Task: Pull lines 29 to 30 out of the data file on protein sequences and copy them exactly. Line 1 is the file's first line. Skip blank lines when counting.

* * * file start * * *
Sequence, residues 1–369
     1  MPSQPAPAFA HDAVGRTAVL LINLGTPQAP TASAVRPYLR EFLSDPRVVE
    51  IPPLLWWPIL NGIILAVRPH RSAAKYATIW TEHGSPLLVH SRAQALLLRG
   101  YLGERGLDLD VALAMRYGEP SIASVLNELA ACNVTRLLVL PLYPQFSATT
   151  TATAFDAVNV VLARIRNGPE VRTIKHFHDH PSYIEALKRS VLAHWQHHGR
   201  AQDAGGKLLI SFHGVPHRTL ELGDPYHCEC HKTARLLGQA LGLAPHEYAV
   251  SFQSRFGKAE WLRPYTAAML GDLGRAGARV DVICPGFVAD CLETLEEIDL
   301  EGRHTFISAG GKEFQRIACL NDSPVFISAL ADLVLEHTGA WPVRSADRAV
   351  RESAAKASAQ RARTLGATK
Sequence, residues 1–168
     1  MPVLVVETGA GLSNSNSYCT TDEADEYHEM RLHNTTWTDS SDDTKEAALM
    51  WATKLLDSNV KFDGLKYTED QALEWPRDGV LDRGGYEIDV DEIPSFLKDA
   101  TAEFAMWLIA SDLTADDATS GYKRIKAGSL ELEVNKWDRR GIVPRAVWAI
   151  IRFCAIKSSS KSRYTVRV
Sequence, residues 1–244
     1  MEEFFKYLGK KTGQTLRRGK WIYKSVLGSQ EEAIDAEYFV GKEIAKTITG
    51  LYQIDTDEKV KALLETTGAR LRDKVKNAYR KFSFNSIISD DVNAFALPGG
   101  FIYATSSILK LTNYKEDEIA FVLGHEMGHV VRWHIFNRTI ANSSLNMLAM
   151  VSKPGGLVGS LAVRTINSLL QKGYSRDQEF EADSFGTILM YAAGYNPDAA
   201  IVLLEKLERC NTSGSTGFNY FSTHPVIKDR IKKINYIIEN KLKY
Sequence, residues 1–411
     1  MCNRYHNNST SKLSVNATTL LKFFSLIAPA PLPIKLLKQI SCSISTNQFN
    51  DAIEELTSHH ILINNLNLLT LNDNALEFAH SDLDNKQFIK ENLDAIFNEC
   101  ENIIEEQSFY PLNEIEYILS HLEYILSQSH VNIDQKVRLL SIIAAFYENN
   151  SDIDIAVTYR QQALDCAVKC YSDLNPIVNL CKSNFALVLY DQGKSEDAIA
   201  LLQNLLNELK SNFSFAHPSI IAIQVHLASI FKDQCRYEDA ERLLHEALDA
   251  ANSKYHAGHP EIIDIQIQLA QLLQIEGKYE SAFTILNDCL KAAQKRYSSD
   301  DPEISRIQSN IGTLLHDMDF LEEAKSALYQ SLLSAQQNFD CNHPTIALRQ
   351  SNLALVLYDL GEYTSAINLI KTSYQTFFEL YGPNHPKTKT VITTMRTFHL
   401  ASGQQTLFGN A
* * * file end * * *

   351  SNLALVLYDL GEYTSAINLI KTSYQTFFEL YGPNHPKTKT VITTMRTFHL
   401  ASGQQTLFGN A